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Protecting Yourself from Tickborne Diseases

Published in For the Health of It Author: Kelsie Rustad,PA-C

As warmer weather brings us outdoors, it’s important to be mindful of the potential risks posed by ticks. This year, thanks to the mild winter and less snow, ticks are making an early appearance.

While there are approximately a dozen tick species in Minnesota, the two most common types are the Blacklegged tick (also known as the deer tick) and the American dog tick (also known as the wood tick). Although both species can potentially transmit diseases, deer ticks are more concerning because they are often infected with the bacteria that cause Lyme disease.

Most cases of tickborne disease are caused by young ticks called nymphs, which can be as small as the size of a freckle or a speck of dirt, and generally feed from May through July. Nymphs are considered more of a disease risk because they’re smaller and hard to notice, so they often remain attached and feed for longer.

Here are tips to help you stay safe and enjoy your time outdoors this season.

Awareness is key. Knowing where ticks are commonly found can help you take precautions. Ticks thrive in wooded areas, tall grasses, and leaf litter, so be extra aware when hiking, camping, or spending time in these environments. Wearing long sleeves, pants tucked into your socks, and using insect repellents containing DEET on your skin or permethrin applied to your clothes can reduce your risk of tick bites.

Regular tick checks are important. After spending time outdoors, thoroughly inspect your body and clothing for any ticks. Pay close attention to areas like behind the knees, underarms, around the waist and belly button, the ears, and your scalp, hair, and neckline. Remember that ticks can be as small as a poppy seed.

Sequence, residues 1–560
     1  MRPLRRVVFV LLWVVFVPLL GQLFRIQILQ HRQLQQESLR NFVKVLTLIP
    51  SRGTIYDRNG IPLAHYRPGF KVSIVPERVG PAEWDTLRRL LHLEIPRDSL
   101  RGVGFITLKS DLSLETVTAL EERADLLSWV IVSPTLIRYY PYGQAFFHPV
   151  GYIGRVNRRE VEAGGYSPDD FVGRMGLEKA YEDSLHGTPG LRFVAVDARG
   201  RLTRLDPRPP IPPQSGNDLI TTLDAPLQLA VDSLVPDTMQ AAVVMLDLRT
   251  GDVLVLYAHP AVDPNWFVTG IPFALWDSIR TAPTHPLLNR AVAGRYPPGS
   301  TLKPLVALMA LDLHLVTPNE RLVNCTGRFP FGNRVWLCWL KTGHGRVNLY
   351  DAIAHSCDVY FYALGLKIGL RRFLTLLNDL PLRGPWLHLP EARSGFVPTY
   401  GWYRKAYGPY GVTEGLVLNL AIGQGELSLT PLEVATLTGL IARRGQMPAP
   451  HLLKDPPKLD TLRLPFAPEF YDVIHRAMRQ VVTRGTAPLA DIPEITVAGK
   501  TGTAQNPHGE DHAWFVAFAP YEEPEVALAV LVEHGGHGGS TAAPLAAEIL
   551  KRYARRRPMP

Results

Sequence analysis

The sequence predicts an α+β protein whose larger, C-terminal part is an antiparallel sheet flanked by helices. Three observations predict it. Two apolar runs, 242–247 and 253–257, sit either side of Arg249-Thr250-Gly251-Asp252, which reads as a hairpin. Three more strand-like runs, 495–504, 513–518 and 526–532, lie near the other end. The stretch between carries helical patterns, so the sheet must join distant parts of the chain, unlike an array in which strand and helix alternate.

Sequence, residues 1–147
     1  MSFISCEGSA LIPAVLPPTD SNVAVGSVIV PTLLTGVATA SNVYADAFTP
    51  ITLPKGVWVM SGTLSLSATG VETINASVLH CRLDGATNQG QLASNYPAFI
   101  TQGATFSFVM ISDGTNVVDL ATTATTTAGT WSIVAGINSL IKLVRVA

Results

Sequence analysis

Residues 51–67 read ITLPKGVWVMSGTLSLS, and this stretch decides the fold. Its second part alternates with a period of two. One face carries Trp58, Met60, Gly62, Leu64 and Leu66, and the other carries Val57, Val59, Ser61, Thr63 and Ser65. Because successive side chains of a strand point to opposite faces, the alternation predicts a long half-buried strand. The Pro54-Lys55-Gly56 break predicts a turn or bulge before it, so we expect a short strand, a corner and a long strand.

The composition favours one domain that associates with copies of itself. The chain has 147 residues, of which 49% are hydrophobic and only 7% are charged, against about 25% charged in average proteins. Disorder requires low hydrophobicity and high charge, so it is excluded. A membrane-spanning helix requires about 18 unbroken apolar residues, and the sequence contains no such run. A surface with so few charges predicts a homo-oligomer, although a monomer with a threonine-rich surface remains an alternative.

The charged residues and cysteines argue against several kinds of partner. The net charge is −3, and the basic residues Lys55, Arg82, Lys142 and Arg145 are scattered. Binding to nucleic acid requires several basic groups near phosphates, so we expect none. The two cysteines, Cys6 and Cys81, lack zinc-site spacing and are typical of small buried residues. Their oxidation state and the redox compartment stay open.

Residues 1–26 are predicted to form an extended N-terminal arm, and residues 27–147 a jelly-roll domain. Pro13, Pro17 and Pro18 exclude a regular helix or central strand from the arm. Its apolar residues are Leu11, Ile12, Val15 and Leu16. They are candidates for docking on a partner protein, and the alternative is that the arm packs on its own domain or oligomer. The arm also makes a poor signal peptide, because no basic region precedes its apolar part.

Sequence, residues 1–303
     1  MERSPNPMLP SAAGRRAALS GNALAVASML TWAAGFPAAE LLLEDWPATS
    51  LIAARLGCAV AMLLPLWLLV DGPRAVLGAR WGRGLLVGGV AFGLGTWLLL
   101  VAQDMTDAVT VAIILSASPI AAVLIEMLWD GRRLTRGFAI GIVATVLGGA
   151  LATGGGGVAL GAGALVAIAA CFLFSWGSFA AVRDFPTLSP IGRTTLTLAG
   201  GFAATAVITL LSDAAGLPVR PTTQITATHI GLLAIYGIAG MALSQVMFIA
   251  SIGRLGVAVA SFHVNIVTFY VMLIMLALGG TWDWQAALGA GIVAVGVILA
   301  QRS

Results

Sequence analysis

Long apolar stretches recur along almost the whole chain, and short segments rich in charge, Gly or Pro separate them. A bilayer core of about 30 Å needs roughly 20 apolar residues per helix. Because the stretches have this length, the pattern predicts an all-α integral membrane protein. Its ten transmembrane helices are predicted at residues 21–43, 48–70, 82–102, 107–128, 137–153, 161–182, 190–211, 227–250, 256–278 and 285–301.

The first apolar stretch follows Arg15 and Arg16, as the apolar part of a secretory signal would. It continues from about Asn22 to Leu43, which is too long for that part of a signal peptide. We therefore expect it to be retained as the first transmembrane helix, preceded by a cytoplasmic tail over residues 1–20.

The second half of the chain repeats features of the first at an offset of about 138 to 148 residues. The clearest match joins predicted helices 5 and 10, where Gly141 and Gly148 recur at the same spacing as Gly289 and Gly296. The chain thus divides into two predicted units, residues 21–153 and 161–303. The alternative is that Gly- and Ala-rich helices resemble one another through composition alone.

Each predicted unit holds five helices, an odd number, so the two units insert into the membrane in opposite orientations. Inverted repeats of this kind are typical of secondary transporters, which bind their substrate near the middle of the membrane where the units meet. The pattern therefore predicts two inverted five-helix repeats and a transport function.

If you find a tick attached to your skin, don’t panic. Use tweezers to grasp the tick’s head and pull slowly and steadily. Don’t worry if pieces of the mouth or head break off, they will work their way out like a sliver. Clean the area with rubbing alcohol or soap and water. Take a bath or shower to wash any possible loose ticks from your body and wash your clothes and dry them on high heat to kill any ticks that might remain.

It’s important to know what symptoms to look for. Not all ticks carry disease, and not all bites from infected ticks will result in disease. Lyme disease is the most reported tickborne disease in Minnesota. The longer ticks are attached, the greater the risk for developing Lyme or other tick-transmitted diseases.

Early symptoms usually appear within 30 days of being infected and may include rash, fever, chills, headache, fatigue, muscle and joint pain, tiredness, or weakness. Other diseases may cause similar symptoms. Contact your clinic if you think you may have a tickborne disease.

By staying informed and taking proactive steps to protect yourself and loved ones from tick bites, you can enjoy all that Minnesota’s outdoors has to offer with peace of mind.